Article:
Home roofing systems have evolved considerably in recent years, with newer shingle systems offering 25 years of life. Metal roofs can offer up to 50 years of life. However, none of these is foolproof, and they’re also subject to leaks. Metal roofs can rust, and shingle roofs can be easily damaged by high winds. Metal dents when impacted by hail. Is there another option? Actually, EPDM roofing might be the best option for your home. What should you know?
How Does EPDM Differ from Conventional Roofing?
There are several important differences between EPDM and conventional roofing. First, it’s a rubber material that must be installed directly to the roofing substrate. It’s not made of metal, and there are no shingles. It’s made of various sheets of specially designed rubber, adhered to one another using liquid rubber. It’s highly resistant to all types of weathering, and is specially designed to maintain its elasticity even when exposed to high heat and UV rays for year after year.
EPDM has been widely adopted throughout the construction industry, but sees more use in commercial and industrial applications than in residential construction. With that being said, new technologies are enabling it to be used in many different areas of home construction, particularly in covering carports, garages, outbuildings and the like. It’s especially effective for use on flat roofs, because of its waterproof properties.
Interestingly, most roofing materials aren’t waterproof. They only need to be water resistant. In a conventional home design, the roof is sloped so that water runs down and off. In these situations, water resistance is all that’s needed. Shingles (or whatever other roofing might be in place) must only resist the water until it stops raining and the roof dries. However, in a flat roof, that can take a long time. What’s more, low spots in the roof will collect water, called ponding. These areas keep the roofing submerged for long periods, creating the ideal situations for a leak to form. Once a leak starts, the substrate is weakened and there’s a greater chance for further leaking and damage.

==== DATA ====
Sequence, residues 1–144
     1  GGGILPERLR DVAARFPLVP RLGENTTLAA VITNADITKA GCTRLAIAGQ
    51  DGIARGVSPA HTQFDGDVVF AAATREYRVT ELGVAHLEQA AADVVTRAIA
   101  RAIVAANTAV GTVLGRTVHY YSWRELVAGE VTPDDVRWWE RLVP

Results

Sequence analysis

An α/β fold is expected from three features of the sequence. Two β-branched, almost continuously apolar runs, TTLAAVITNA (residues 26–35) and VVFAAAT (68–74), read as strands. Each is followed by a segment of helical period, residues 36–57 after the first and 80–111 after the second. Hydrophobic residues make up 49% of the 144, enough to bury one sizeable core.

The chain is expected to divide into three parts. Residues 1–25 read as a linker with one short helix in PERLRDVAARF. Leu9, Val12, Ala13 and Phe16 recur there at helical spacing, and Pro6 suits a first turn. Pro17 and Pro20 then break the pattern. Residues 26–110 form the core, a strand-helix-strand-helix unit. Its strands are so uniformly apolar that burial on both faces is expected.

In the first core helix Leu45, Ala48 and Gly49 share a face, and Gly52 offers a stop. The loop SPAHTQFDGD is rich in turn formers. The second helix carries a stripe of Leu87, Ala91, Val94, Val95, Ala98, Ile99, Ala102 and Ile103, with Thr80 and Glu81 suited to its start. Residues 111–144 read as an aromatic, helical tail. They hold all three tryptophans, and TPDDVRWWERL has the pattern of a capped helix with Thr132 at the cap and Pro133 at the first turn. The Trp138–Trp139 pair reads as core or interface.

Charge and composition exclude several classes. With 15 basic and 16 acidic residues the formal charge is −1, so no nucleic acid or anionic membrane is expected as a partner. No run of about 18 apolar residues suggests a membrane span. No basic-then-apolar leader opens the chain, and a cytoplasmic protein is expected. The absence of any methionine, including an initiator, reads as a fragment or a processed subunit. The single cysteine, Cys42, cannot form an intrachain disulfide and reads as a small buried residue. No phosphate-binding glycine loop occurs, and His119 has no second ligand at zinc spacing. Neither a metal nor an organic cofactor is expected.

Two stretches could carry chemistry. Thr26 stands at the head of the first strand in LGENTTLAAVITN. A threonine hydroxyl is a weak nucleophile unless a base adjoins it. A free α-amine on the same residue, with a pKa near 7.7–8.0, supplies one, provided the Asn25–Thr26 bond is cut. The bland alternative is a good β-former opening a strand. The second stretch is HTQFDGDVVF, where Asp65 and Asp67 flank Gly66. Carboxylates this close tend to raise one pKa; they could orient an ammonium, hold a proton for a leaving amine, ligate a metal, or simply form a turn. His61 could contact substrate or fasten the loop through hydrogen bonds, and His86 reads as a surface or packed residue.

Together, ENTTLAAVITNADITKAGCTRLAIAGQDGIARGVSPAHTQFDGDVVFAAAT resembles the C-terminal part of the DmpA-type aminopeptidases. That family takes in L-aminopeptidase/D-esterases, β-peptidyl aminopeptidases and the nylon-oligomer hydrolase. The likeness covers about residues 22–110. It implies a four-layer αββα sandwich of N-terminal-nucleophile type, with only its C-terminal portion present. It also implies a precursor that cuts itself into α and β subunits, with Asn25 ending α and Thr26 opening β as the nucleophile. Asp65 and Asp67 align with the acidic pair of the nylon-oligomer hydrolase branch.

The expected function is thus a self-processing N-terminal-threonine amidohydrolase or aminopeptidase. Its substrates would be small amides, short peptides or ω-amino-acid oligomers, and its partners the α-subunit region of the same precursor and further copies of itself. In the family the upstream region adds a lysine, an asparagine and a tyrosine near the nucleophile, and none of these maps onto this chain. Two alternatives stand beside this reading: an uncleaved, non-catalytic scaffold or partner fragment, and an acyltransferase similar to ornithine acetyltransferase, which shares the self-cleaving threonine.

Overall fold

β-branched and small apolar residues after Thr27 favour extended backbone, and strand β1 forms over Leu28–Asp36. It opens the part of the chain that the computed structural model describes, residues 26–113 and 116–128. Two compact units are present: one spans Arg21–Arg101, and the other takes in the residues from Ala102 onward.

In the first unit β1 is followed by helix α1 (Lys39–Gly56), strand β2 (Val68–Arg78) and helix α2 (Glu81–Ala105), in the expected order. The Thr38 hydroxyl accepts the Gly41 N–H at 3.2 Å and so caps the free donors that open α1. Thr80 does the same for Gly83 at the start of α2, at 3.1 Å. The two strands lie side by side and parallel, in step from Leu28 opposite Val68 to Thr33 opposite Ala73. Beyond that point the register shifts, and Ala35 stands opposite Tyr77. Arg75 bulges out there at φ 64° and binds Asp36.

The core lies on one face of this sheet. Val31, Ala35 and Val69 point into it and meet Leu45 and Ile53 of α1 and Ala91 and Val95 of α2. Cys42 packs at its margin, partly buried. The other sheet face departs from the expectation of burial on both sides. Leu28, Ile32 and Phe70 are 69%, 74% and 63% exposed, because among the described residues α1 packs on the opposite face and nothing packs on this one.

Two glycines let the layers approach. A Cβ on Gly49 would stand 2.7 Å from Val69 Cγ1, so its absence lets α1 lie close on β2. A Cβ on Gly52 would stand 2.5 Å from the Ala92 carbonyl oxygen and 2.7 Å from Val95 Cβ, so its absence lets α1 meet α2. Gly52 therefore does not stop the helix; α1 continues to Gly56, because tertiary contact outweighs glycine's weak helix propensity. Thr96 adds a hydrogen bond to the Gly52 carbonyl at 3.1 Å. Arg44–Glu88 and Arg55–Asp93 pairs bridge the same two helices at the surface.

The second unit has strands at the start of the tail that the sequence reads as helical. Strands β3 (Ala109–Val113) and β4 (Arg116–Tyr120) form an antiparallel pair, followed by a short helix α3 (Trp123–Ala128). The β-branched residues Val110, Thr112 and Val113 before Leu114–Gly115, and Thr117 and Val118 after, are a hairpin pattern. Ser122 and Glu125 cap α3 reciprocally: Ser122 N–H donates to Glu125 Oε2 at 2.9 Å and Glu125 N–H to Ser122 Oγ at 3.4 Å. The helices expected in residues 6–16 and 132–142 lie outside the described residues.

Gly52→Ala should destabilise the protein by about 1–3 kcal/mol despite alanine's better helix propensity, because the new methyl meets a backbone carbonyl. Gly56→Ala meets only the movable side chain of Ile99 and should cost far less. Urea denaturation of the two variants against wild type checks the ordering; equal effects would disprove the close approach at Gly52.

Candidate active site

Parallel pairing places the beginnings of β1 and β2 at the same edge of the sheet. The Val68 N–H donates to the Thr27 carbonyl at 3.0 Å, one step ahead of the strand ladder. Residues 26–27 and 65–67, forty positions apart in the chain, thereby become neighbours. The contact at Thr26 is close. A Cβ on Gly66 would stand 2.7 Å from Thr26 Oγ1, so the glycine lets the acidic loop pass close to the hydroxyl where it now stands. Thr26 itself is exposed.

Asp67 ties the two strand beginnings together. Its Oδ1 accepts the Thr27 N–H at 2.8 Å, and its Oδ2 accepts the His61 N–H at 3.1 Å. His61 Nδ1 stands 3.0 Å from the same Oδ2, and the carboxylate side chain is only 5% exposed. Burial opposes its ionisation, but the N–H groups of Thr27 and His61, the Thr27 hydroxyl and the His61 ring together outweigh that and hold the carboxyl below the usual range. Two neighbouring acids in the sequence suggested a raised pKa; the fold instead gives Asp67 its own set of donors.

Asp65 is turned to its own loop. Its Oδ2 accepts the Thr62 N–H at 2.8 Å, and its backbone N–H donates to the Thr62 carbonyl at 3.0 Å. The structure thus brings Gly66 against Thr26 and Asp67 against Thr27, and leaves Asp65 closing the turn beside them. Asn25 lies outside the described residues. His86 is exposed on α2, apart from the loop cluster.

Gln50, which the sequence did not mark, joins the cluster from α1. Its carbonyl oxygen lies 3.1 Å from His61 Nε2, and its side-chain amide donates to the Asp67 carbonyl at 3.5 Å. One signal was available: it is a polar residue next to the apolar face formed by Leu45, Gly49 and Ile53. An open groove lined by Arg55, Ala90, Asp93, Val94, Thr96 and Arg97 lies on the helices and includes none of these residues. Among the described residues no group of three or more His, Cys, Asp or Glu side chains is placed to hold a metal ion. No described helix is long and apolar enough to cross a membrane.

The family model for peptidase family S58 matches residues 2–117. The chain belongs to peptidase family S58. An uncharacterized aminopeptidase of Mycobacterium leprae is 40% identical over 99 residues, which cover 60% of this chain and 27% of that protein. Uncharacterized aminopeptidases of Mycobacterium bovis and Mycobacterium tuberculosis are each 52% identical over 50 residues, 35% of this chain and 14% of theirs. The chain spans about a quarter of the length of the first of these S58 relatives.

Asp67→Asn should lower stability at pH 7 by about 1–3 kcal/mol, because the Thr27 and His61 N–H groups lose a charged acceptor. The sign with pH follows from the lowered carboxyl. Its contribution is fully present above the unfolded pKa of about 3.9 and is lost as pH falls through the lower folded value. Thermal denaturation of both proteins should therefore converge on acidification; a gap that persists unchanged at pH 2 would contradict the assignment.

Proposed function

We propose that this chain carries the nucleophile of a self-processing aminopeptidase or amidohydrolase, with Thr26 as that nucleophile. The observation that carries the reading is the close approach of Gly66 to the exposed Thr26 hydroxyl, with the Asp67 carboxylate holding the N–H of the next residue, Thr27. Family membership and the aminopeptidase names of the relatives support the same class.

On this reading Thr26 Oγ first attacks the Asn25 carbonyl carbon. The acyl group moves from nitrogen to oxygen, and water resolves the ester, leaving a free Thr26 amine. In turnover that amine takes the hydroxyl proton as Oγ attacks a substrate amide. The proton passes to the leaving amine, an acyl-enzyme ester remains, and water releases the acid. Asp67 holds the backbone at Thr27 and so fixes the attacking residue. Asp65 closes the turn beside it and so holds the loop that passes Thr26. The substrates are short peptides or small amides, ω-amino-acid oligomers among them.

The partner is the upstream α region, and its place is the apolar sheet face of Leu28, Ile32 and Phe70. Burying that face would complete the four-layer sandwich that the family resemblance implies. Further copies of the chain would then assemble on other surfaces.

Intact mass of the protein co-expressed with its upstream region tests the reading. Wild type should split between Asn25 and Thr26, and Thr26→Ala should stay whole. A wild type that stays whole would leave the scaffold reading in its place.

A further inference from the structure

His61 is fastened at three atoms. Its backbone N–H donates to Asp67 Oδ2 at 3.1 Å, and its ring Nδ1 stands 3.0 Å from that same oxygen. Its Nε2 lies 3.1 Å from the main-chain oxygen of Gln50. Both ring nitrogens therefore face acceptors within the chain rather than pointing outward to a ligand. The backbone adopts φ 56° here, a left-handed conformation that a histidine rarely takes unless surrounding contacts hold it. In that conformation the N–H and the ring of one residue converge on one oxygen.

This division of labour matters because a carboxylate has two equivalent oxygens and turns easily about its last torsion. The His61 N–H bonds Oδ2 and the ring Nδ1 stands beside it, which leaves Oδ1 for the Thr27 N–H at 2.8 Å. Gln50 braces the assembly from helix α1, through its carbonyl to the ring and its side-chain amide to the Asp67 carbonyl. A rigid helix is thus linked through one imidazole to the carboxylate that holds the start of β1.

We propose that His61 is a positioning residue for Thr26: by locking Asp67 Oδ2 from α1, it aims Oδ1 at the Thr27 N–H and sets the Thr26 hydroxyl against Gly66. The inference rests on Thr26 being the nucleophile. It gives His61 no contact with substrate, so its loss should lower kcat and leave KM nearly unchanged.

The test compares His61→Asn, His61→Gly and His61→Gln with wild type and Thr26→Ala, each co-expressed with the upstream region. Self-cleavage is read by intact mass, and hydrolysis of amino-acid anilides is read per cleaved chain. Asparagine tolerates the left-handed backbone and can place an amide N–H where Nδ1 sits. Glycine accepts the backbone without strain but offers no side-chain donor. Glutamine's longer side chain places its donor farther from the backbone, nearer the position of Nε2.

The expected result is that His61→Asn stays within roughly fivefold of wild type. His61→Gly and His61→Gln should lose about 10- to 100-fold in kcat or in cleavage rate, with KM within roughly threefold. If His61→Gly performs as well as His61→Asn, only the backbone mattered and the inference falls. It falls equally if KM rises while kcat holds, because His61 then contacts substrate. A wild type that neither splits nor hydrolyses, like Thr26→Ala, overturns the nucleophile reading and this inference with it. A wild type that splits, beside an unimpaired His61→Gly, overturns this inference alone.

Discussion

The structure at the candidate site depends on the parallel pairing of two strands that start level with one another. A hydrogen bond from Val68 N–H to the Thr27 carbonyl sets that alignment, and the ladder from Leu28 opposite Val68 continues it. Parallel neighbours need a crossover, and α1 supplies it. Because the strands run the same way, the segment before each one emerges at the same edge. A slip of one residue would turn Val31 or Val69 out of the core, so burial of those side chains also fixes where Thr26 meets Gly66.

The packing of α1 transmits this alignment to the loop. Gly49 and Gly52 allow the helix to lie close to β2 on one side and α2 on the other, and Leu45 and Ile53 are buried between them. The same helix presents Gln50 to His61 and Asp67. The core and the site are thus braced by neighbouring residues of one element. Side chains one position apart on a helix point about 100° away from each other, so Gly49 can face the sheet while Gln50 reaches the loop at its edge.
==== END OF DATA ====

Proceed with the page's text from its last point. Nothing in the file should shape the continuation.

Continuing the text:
With EPDM roofing solutions, ponding is not a problem. The roofing material is completely waterproof, so standing water cannot penetrate into the substrate no matter how long it stays in place. For homeowners with flat roofs, this is a significant advance.
Repairing EPDM Roofing
EPDM roofing systems are subject to damage, just as any other roofing material would be. However, it’s better at resisting some – high winds, for instance – which reduces some potential for repairs. In instances where damage is unavoidable (a falling tree limb is a good example), repairing EPDM roofing is very simple. Once any damage to the substrate has been repaired, a couple of coats of liquid rubber will seal the roof again and protect it like new.
EPDM roofing systems offer significant advantages to homeowners. However, they must be installed by licensed contractors – this is not a DIY project. Contact a reputable roofer to have your home inspected to determine if EPDM is the right material for you.